2010 Report on Illinois Poverty


2010 Illinois Poverty MapPeople who had the least to start with before the recession were hit first, hit hardest, and will regain lost ground slowest, according to the 2010 Report on Illinois Poverty. Workers in the lowest income group in Illinois had a 1930’s-like unemployment rate of 27.0 percent in the 4th quarter of 2009 while Illinois’ overall unemployment rate was 10.2percent.

More than 1.5 million Illinoisans, 12.2 percent of the state’s population, were living in poverty in 2008. An additional 16.0 percent—more than 2 million people—were on shaky financial ground with incomes between the poverty line and twice the poverty line. The magnitude of these poverty data, based on information from 2008, do not even fully capture the effects of the recession.
Signs of increasing poverty are seen throughout the state. The report found that poverty worsened in many areas of the state even before the worst of the recent economic crisis, increasing in 63 of Illinois’ 102 counties. A total of 29 counties were placed on the report’s Poverty Warning List, an indication that poverty trends in these counties are the most alarming in Illinois. Another 42 counties appeared on the Poverty Watch List, which accounts for counties where poverty indicators need to be monitored closely.
Male, minority, younger, and less educated workers have been hit hardest by unemployment in this recession. In 2009:
  • The unemployment rate for men was 11.1 percent compared to women’s unemployment rate of 8.7percent.
  • The unemployment rate for black workers was 17.1percent compared to 9.0percent for white workers.
  • Newer entrants to the workforce (ages 20 to 24) had an unemployment rate of 16.3percent compared to rates of 9.7percent and below for older workers.
  • Workers with less than a high school diploma are 4 times more likely to be unemployed than workers with a bachelor’s degree.
Illinoisans have experienced a tremendous erosion of wealth as a result of the recession:
  • Only 9 states had a greater proportion of homes that received a foreclosure filing in March 2010 than Illinois, in which 1 out of every 371 homes received a foreclosure filing.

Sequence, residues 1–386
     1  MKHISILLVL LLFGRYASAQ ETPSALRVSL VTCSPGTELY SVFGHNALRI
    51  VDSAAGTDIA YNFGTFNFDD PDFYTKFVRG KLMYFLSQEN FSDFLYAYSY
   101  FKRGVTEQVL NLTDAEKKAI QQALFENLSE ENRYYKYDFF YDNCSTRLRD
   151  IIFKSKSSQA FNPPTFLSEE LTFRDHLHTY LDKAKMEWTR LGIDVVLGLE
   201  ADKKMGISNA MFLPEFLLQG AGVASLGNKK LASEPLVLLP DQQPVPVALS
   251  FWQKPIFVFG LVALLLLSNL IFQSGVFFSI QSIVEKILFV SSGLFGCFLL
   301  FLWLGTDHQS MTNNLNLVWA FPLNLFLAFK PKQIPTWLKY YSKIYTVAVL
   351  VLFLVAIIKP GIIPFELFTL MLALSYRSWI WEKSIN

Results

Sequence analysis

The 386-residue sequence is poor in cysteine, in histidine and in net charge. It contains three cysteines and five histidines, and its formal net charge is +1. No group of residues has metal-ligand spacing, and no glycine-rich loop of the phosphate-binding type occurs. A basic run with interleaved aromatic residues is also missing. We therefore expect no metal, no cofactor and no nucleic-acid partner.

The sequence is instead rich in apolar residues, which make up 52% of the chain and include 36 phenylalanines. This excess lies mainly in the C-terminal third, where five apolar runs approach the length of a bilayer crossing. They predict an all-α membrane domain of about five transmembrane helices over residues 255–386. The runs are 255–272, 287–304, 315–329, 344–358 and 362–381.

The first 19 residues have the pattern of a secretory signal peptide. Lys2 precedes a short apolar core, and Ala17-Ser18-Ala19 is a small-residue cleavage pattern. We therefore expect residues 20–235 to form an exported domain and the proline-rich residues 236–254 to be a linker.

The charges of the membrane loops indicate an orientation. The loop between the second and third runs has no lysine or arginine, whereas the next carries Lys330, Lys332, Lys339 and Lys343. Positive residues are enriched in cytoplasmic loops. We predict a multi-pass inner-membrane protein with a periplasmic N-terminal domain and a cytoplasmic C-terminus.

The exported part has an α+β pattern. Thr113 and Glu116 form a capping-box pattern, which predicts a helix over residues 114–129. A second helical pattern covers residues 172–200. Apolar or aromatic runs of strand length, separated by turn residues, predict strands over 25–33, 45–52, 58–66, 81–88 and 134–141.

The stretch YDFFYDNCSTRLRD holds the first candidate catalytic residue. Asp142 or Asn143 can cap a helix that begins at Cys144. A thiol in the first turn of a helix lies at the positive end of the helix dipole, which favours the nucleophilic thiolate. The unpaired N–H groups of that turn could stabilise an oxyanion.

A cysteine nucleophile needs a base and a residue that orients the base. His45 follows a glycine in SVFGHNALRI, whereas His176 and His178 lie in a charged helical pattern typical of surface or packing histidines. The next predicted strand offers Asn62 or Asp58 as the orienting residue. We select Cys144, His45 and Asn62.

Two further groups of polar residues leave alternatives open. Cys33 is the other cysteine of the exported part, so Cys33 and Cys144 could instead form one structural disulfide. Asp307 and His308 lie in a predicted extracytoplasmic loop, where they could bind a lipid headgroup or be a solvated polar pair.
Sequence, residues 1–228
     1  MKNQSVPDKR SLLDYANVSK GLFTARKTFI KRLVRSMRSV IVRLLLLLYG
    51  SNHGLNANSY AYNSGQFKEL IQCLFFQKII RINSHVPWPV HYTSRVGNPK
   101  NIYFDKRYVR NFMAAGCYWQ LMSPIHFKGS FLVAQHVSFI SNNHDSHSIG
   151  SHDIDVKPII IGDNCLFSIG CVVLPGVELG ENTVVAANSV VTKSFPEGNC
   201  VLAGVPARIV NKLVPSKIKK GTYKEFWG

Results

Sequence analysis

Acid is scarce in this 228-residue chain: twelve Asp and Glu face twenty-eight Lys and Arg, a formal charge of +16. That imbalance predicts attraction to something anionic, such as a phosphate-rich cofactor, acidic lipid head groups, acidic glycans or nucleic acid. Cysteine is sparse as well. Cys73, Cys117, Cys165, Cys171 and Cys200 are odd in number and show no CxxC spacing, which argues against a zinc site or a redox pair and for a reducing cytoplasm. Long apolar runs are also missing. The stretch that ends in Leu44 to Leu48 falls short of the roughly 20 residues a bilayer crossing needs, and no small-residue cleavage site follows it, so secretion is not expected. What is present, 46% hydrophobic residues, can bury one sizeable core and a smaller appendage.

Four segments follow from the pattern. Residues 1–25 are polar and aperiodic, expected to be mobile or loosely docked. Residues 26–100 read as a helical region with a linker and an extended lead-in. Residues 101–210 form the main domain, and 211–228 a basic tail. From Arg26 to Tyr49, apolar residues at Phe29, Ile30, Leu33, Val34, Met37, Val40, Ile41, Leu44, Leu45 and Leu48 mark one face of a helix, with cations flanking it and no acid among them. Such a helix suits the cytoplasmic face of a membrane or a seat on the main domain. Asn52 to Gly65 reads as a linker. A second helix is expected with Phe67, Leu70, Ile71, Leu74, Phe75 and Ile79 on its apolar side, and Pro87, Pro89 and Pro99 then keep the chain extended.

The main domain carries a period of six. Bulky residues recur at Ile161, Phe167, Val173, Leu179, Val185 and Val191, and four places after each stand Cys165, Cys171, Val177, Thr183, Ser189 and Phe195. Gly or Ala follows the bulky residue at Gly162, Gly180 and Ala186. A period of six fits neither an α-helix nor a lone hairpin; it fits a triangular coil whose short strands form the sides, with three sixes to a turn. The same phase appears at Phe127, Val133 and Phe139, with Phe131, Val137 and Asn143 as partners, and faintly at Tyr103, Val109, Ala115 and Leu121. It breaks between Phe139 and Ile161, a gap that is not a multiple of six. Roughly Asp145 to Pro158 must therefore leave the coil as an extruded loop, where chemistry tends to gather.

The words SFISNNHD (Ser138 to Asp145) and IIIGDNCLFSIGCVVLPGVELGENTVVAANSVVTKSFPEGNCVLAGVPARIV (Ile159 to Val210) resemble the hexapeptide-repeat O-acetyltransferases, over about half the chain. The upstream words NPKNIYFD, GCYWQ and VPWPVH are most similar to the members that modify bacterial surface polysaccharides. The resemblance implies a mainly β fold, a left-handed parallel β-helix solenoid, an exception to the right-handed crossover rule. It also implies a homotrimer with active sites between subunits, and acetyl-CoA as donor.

• 1 out every 7 Illinois households has zero or negative net worth.
  • Illinoisans’ average debt from all sources is over $11,300.
  • The increase in personal bankruptcy filings from 2006-2009 in Chicago region counties has been exponential: Cook +163 percent, DuPage +249 percent, Kane +266 percent, Lake +190 percent, McHenry +240 percent, and Will +191 percent.
Extreme poverty has worsened, with those in extreme poverty being subject to great hardship:
  • 680,000 Illinoisans lived in extreme poverty in 2008 on an annual income of less than half of the poverty line (less than $11,000 a year for a family of four) – a considerable increase from 2000 when 619,240 Illinoisans lived in extreme poverty.
  • Being in extreme poverty greatly increases a person’s likelihood of being uninsured: 49.1percent of adults ages 18-64 years old in extreme poverty are uninsured, versus 16.4percent for those not in extreme overty.
  • Low-income people with disabilities face severe gaps between disability payment amounts, averaging $674 a month in Illinois, and average monthly rents for a 1-bedroom at $788 and even studio apartments at $690.
At this moment of unprecedented need in modern times, strong and responsive public benefits and human services are crucial to keeping families afloat until recovery reaches main street. Yet years of disinvestment in Illinois’ safety net, combined with the effects of the recession and an antiquated state revenue system, have resulted in an erosion of human services across the state.
“Despite the continued challenges facing the economy, greater hardship, increased poverty and homelessness, and weakening financial security for the coming years are not inevitable,” said Sid Mohn, President of Heartland Alliance for Human Needs &
Human Rights. “State policymakers can create economic stability and promote future prosperity by enacting a responsible budget that includes new revenue and protects vital health and human services from catastrophic cuts, ensuring that Illinois families are protected from deepening hardship.”

For more information, visit  www.heartlandalliance.org/povertyreport.